Then it's 2017, and I'm in my final year of uni with no clue what I want to do and almost as much anxiety about the future as I have about the past. A Black Mile to the Surface
arrives in my inbox, and – well, and that about gets us up to date. From the consistency in track names to the enigmatic cover art, everything about this album seems to suggest a rebranding, but without the self-consciousness that implies – yes, we're moving far away from Cope
, yes, this is pretty close to where Simple Math
left off, but we don't regret a thing or believe in anything but pushing forward. The songs on Black Mile
are expansive, textured, each one like a painting in a distinct style; the layers of Simple Math
are back with a vengeance, but instead of the empty palazzios and antique wooden drawers of that album, we're left with mineshafts. Pitch black, filthy, bottomless. Tempting. "The Moth" isn't miles away from The Dear Hunter's Black EP
, all menacing robotised voices and claustrophobic drum rhythms, while "The Maze" introduces its lovely vocal hymns to a very In Rainbows
synthy warble. "Lead, SD" pairs another huge chorus with verses bursting in every direction with nervous energy – a terrific series of pre-choruses sees Andy near-mumbling words so fast the lines tumble into one another. "The Silence" could be a final pained cry as the world completely collapses, or just a father's heartbreak at not being able to give his child everything; for seven gargantuan minutes, the two ideas are one and the same. The record loops and collapses and glitches back on itself in quiet ways, keys to the story hidden in the lyrics like the gold in them there hills that the characters give up their love and lives to find. There is nothing I've got when I die that I'll keep
appears seemingly as a simple paean to minimalism and the small things on "The Maze", before returning from the opposite perspective as a fucking crushing existential realisation to shake you to your core in both "Lead, SD" and "The Wolf".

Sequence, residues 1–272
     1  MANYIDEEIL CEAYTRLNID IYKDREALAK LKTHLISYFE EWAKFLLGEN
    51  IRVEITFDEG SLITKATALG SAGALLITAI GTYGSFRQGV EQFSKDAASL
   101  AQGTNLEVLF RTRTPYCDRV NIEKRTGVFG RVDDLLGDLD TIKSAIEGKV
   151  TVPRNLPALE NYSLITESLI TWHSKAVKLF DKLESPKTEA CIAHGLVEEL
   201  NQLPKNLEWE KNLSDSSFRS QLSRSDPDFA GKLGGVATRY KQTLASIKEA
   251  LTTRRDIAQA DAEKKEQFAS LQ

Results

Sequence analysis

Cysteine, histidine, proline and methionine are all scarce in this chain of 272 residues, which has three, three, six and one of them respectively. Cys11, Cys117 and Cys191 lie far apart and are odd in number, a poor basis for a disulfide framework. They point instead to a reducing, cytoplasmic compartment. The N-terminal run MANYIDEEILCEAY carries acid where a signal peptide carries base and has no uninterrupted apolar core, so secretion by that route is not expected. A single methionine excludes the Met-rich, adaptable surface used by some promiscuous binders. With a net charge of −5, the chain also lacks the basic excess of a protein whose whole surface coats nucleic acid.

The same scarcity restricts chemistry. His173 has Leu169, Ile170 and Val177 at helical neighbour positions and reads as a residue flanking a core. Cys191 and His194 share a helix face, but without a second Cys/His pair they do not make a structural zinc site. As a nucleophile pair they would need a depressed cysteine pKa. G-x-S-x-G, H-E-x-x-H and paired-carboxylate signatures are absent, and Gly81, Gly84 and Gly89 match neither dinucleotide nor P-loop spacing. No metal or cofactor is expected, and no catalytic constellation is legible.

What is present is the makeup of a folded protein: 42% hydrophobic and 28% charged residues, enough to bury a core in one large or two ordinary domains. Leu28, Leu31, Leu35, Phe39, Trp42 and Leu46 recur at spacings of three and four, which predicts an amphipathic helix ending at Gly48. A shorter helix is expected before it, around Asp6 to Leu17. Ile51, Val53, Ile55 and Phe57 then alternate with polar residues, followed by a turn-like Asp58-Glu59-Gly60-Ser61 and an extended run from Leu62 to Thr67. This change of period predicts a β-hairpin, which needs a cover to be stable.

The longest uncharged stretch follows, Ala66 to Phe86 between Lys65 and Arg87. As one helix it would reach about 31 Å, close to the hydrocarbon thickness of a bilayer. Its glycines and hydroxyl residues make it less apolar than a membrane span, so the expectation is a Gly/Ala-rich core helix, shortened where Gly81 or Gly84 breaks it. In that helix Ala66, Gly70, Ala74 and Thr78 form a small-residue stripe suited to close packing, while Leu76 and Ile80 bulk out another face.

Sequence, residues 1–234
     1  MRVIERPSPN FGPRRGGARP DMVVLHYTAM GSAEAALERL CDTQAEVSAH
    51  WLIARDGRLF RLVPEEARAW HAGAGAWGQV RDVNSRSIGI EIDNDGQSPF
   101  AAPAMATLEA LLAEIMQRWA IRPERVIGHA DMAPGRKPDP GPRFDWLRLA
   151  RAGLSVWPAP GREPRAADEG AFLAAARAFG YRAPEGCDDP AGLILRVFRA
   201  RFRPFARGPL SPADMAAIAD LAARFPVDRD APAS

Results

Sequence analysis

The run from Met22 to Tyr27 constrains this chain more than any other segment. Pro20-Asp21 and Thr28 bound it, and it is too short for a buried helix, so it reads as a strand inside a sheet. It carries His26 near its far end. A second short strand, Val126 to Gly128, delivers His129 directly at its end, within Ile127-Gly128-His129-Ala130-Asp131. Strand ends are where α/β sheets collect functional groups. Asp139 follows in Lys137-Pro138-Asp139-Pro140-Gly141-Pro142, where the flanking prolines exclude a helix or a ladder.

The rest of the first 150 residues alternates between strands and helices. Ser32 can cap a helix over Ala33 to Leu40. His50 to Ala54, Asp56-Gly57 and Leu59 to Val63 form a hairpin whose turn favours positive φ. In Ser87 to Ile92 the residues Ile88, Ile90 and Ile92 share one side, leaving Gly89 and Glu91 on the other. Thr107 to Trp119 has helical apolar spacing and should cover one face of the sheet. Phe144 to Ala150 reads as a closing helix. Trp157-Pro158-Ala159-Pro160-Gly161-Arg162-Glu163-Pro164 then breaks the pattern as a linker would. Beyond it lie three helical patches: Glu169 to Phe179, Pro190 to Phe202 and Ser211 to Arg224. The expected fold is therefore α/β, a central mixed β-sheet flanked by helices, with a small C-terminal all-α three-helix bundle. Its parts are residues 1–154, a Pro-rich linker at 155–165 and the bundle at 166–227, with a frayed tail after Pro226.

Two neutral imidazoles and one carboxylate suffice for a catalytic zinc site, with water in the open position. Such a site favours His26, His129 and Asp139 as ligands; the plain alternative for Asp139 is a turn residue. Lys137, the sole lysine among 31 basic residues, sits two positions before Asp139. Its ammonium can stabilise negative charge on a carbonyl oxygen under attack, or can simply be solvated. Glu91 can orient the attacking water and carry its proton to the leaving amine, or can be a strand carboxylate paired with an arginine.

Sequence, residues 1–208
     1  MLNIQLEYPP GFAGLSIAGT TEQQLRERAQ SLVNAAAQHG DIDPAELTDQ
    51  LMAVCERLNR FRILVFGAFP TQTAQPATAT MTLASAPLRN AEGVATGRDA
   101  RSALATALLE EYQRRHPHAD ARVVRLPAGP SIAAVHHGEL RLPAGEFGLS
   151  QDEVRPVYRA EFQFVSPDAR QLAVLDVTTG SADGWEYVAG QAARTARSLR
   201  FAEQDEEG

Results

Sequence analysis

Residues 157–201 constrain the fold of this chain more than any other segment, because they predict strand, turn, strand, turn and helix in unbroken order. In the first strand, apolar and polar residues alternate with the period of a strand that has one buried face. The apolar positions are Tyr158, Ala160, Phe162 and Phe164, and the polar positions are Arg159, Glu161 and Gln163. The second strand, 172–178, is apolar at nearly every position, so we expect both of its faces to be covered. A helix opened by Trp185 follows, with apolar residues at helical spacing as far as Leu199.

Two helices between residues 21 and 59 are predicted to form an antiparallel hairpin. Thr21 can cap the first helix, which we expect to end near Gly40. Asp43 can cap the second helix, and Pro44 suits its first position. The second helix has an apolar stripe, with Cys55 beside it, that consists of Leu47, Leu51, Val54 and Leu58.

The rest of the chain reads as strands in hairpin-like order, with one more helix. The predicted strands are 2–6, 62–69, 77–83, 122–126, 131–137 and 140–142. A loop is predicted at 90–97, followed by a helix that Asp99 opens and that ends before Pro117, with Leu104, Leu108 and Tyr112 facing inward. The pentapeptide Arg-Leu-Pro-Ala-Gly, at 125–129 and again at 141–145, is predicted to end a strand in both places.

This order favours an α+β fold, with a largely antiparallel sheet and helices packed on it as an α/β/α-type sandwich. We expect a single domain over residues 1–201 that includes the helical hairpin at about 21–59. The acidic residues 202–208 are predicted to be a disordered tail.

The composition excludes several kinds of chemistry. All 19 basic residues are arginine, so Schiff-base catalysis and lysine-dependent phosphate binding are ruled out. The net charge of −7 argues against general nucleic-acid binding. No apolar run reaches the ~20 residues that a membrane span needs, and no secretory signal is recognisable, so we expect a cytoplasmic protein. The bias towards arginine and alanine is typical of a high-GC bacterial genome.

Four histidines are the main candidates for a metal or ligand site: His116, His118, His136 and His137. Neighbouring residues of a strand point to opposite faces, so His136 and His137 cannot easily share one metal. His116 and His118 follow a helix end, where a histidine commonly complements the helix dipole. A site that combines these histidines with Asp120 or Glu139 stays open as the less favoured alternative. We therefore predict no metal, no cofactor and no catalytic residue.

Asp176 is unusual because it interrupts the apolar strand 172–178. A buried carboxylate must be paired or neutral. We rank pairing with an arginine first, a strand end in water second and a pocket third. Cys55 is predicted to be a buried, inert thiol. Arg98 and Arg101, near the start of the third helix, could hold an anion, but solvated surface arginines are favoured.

Just like Hope/Cope
's only classic moment came when the bridge of "Girl Harbor" stripped away the layers and allowed Andy to stand alone – there is a name for men like you inside the dark
, he practically spat - A Black Mile to the Surface
digs down into the mineshaft and finds that its deepest veins of gold and diamond were always just the most mundane, simple things. Britney Spears posters, yellow SUVs, and years slipping away in a hushed breath comprise "The Parts", the most touching and delicate song Andy has ever written in his storied career. At this point, I realised that despite the breadth and depth of the album the only thing it had ever really been about was the fear of fatherhood: "The Alien"'s gut-wrenching story of alienation and attempted suicide due to an abusive father, "The Maze" alternating between you're a maze to me/amazing
phrases philosophising about the chambers of the human heart, or just Andy straight up saying "is this temporary" I don't think I wanna be a dad" on "Lead, SD", spitting the words out quick like he's ashamed to say them. Finally, "The Parts", where this man – who I could swear was a pitchy, fumbling 18-year-old musician just yesterday, couldn't you" – reminisces on the birth of his child and the peaks and valleys of love. Here the record finally emerges from its claustrophobic caves and whispers of gold and lonely riches, and in the bright light of day it finds simplicity in a child's smile. We all smile back, Andy strums a little on the guitar and hums, and the record spins to a close.